House purchase can be a huge undertaking, which will drain the savings of most. For instance, the median price of a 4-room flat in Singapore ranged from $357,000 – $667500 last quarter, depending on location. In contrast, the median Singaporean household monthly income was $8290. Generally speaking, the purchase of one’s first property will require a down payment of 20%, of which a minimum of 5% must be in cash and the rest can be paid in CPF savings. However, if one is purchasing a HDB flat with a HDB loan/without a loan at all, one just needs to pay a down payment of 10%, which can be done entirely with one’s CPF savings.
A mortgage is essentially a loan which is secured upon the borrower’s property. This gives the lender (usually a bank or the HDB) an interest in the property, and provides it the right to repossess the property should the borrower be unable to repay the loan. These loans will be usually be paid through monthly instalments over a period of up to 30 years. The mortgage must be registered with the SLA as an encumbrance on the title. Before signing any mortgage agreement, do seek legal advice to ensure that the terms are equitable and not misleading.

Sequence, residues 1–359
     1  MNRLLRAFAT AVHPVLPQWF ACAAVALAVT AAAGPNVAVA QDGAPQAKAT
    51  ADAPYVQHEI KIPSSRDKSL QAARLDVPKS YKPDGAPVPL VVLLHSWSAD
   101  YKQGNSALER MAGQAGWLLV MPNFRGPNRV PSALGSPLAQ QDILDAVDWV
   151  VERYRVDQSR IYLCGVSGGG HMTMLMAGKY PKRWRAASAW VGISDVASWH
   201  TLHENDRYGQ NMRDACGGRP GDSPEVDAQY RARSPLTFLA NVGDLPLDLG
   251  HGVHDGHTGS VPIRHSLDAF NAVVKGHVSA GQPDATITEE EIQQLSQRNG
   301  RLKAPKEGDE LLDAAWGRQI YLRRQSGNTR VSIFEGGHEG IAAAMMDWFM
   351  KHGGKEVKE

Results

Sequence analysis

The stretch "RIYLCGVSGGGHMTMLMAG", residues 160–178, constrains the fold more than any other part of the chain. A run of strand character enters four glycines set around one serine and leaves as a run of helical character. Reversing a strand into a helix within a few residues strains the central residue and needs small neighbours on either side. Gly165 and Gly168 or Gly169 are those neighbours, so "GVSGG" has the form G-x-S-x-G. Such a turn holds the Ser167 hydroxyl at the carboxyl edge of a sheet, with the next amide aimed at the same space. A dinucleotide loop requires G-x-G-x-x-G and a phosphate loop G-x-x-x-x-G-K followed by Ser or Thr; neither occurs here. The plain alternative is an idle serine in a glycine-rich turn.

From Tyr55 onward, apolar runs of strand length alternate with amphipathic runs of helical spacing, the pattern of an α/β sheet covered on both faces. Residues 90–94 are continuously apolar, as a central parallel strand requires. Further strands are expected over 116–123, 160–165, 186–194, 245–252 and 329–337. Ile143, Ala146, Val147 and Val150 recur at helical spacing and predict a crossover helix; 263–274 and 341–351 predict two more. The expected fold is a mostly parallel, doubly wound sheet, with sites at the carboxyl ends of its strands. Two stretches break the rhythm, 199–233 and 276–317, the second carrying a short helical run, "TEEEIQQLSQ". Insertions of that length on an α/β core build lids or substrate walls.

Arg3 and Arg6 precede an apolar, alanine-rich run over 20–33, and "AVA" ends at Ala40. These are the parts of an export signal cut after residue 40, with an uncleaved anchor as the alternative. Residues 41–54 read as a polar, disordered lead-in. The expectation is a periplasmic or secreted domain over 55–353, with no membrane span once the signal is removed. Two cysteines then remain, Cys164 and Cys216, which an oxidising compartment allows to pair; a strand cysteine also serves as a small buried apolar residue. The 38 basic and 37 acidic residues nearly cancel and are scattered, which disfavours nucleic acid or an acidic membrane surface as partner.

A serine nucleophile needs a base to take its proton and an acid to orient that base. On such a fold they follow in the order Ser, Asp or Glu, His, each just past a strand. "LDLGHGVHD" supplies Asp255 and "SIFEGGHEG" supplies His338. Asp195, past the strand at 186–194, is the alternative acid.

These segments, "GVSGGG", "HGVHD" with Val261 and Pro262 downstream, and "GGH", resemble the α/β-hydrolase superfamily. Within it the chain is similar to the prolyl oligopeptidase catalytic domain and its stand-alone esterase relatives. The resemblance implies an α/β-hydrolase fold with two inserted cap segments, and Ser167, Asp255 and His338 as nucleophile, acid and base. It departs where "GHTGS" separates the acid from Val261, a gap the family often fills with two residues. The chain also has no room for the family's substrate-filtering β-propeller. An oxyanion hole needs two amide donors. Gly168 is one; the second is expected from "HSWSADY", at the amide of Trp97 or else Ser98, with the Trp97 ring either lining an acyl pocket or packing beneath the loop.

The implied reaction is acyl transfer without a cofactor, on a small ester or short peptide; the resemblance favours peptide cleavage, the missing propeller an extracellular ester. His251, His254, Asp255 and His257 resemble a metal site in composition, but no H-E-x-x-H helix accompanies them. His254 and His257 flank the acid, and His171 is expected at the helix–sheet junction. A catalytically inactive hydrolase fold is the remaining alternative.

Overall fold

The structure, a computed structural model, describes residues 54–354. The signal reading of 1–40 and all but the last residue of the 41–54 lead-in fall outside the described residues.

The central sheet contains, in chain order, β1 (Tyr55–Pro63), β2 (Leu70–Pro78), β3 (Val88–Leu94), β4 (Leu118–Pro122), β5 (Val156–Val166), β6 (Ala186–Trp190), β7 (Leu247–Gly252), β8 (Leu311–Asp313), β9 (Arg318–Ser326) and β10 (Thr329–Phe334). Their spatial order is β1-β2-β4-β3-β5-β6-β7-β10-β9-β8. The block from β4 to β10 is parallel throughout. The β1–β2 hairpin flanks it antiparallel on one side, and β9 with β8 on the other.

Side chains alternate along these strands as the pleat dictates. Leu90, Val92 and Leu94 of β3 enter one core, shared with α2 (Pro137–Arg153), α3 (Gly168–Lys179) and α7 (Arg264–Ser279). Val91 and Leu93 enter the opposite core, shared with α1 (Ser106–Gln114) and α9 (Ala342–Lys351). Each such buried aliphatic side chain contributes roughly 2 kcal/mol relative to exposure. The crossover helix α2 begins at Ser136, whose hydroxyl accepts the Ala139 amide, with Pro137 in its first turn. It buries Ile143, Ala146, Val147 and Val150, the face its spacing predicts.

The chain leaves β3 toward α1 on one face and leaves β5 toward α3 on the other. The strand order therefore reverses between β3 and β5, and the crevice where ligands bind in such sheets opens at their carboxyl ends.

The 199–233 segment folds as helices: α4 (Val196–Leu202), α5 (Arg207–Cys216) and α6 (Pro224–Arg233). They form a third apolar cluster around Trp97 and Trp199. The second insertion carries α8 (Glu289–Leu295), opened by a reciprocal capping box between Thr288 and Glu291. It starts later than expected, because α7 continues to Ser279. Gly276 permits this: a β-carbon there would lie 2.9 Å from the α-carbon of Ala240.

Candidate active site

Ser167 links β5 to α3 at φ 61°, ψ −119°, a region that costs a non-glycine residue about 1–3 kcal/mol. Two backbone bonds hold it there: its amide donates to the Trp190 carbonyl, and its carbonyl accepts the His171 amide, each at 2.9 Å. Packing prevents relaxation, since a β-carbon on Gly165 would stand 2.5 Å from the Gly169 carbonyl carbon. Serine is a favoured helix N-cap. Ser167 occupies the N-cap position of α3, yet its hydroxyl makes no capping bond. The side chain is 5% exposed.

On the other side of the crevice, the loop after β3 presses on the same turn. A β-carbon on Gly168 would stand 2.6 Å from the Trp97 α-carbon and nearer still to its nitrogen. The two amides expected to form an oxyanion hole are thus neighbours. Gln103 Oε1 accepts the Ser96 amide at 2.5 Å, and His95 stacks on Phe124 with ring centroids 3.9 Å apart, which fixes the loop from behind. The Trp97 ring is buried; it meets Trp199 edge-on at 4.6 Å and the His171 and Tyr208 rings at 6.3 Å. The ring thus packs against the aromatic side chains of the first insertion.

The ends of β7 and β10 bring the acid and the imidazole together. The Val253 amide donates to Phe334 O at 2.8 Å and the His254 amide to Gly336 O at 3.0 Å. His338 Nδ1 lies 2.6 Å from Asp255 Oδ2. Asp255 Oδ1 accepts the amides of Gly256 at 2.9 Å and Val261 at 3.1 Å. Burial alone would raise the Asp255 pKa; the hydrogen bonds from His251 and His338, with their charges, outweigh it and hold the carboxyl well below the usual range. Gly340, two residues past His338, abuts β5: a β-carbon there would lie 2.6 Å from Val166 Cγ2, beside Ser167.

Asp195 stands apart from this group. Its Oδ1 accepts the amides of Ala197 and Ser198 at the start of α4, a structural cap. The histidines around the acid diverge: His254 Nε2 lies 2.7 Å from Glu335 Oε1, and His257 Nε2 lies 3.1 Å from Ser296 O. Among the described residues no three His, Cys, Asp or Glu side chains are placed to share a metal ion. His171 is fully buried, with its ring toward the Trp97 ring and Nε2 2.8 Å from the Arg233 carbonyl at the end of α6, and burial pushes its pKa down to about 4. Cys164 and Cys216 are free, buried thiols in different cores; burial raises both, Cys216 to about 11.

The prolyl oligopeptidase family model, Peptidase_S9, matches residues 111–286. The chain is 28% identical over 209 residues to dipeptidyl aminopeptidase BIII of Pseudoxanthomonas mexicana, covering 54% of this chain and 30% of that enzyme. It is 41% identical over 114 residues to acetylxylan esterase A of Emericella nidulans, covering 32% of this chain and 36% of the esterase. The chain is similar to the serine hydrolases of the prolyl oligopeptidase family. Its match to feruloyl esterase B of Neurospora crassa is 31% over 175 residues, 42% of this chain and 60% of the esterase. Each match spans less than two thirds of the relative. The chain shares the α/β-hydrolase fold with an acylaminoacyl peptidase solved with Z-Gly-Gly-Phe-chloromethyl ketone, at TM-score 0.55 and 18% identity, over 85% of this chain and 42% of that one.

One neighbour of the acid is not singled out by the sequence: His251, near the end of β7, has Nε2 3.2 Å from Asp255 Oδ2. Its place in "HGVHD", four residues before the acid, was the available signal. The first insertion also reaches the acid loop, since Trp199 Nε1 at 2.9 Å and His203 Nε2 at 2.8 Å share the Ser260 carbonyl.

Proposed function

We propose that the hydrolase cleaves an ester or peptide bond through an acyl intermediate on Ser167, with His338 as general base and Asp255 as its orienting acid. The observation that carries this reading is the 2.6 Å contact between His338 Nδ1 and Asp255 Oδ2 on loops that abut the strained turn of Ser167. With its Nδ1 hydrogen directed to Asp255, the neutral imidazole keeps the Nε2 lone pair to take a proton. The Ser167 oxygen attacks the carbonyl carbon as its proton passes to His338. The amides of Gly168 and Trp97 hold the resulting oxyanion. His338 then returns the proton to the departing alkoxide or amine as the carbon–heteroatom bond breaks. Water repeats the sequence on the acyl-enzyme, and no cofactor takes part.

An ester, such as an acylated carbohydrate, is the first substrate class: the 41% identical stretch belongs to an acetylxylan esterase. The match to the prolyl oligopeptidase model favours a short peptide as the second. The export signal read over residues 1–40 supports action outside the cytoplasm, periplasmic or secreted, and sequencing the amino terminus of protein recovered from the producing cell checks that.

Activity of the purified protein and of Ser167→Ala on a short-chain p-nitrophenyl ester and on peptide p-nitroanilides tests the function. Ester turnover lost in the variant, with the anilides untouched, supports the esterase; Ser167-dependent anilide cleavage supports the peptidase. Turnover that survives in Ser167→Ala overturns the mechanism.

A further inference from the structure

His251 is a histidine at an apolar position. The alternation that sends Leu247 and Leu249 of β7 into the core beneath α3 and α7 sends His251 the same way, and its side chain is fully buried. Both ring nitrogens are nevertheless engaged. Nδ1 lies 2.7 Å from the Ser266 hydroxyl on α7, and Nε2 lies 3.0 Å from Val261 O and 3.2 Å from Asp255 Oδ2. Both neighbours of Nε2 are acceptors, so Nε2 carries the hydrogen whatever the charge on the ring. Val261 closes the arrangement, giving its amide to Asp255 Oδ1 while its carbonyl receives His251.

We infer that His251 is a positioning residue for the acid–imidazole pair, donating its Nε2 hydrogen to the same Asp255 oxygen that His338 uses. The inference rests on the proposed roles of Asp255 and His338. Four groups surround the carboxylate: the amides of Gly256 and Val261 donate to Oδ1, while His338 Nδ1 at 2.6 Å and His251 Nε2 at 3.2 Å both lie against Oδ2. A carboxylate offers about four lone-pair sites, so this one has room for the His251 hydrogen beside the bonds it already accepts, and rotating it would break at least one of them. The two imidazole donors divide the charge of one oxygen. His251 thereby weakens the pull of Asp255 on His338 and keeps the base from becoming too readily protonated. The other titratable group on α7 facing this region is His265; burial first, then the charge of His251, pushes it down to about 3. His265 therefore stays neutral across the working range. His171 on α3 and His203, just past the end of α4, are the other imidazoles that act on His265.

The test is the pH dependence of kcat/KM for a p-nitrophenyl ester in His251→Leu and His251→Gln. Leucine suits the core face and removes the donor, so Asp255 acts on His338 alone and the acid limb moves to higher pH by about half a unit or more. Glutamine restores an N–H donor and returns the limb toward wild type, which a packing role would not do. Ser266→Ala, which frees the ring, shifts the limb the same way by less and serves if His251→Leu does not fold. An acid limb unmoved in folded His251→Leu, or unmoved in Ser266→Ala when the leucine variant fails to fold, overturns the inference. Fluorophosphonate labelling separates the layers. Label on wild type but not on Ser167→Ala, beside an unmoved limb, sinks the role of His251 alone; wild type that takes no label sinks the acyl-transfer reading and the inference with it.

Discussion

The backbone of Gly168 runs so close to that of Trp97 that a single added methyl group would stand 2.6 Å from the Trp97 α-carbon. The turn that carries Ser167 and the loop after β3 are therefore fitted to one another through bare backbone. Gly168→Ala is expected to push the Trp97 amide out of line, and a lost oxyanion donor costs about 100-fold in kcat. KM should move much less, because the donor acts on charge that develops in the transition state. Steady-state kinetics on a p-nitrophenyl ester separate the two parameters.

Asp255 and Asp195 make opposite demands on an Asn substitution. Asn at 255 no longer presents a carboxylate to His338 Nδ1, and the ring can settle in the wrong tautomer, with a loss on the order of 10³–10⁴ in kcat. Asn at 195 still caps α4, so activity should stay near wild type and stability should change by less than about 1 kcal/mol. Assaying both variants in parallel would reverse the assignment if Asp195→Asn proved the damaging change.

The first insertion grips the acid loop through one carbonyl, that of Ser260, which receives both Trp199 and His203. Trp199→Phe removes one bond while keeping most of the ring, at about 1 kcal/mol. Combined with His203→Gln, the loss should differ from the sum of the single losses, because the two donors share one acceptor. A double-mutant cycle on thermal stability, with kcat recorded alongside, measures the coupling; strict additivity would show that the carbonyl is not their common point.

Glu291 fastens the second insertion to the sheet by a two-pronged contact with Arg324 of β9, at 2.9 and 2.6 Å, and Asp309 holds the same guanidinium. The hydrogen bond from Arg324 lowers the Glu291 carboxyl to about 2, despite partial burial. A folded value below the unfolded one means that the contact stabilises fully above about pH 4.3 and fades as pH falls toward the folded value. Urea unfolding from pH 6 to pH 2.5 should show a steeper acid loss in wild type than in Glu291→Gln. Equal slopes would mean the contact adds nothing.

Singaporean citizens and PRs who have CPF savings can use it to help finance their purchase. For one’s first property, one can use up to 100% of one’s valuation limits (the lower of the purchase price and valuation at time of purchase) or even up to 120% of the valuation limit (known as the withdrawal limit) if half the prevailing Minimum Sum is met, if one finances it with a bank loan. The limit of CPF that can be used is also dependent on the remaining lease of the property. For real estate with leases of less than 30 years, CPF may not be used to finance the purchase.
For assistance to purchase or sell a property, contact us to make an appointment.
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